Sir Michael Parkinson attacks 'youth obsession' and 'distortion standards' of modern television


An obsession with youth has "distorted the standards" of today's TV, Sir Michael Parkinson has said.

The former chat show host, 78, called for the return of a daily current affairs show such as Tonight and said that today's equivalent, The One Show, was no match for the 1950/60s series, which attracted audiences of seven million.

He told the Radio Times that broadcasters Sir David Frost and Alan Whicker, who both died recently, were his "inspirational heroes".

But he added: "Television in the 60s and 70s was a thrilling and exhilarating business to be part of. There were few rules, focus groups had not been invented - or if they had they were generally ignored.

"The newly formed ITV stations were run by gifted entrepreneurs and the BBC by an adroit mix of showbiz and journalism. Producers were unencumbered by such irksome obstacles as compliance, health and safety and frustrating commissioning procedures."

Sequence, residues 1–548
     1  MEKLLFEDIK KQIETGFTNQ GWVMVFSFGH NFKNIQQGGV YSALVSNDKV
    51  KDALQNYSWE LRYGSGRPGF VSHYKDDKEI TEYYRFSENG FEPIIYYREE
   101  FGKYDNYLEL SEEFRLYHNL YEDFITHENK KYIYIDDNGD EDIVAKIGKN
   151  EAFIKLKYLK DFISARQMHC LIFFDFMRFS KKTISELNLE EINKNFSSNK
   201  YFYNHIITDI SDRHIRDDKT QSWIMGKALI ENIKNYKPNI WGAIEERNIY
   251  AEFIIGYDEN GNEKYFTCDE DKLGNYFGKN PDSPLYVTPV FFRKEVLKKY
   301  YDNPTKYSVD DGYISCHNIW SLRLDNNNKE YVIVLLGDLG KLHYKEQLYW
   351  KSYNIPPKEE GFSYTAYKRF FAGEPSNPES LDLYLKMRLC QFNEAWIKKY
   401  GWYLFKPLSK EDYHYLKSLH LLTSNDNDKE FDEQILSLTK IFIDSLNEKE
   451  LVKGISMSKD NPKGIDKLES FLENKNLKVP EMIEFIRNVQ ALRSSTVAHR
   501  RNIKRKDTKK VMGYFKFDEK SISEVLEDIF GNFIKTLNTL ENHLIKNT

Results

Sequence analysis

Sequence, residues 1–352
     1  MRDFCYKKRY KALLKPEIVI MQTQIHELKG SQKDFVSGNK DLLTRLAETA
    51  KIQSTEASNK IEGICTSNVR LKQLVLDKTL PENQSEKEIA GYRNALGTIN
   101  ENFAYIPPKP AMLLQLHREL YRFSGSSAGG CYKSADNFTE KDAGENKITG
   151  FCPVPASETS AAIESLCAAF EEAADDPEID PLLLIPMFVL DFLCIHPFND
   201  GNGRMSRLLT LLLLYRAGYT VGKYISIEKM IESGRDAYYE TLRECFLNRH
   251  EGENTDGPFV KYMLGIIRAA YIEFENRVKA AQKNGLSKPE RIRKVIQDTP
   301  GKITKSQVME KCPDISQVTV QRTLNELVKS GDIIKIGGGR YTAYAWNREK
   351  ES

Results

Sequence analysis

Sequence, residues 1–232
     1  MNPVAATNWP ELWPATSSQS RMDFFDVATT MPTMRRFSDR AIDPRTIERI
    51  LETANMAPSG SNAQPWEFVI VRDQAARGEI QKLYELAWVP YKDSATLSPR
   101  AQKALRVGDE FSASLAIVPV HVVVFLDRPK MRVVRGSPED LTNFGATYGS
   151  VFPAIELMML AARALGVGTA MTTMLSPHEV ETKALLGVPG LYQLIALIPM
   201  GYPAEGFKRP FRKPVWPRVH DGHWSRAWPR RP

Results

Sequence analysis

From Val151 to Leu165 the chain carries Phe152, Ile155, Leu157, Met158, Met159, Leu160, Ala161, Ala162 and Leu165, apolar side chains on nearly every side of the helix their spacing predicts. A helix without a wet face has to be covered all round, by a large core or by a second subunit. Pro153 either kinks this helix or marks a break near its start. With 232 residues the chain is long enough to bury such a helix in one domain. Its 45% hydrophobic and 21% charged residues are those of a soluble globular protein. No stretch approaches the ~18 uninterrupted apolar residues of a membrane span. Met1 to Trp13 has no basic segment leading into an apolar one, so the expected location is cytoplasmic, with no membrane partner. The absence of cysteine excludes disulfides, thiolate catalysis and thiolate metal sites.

He added: "The biggest difference of all between then and now was defined ... by (former home secretary) David Blunkett when he described the 'worship' of the 'cult of youth' by modern TV bosses as 'an unstoppable fetish'.

"To indicate how much this obsession has distorted the standards set by the likes of Frost and Whicker, let us compare Tonight featuring Whicker, Fyfe Robertson, Cliff Michelmore, Trevor Philpott et al with its present-day equivalent.

"The One Show is an agreeable frolic but it's hardly a finishing school for a generation of television reporters," he said of the BBC1 programme.

The chat show host, who announced earlier this year that he had prostate cancer, added: "When you compare the kind of talk show David Frost developed with its modern counterpart you realise you are dealing with a vanished species."

While technology had changed much of TV for the better, much of the content was worse, he said.

"Why don't we have a daily, topical, irreverent magazine programme like Tonight? Where is the talk show that is not masquerading as a comic frivolity, and why since the 60s have we never produced anything as controversial, innovative and inspiring as TW3 (That Was the Week That Was)?", he said in the magazine.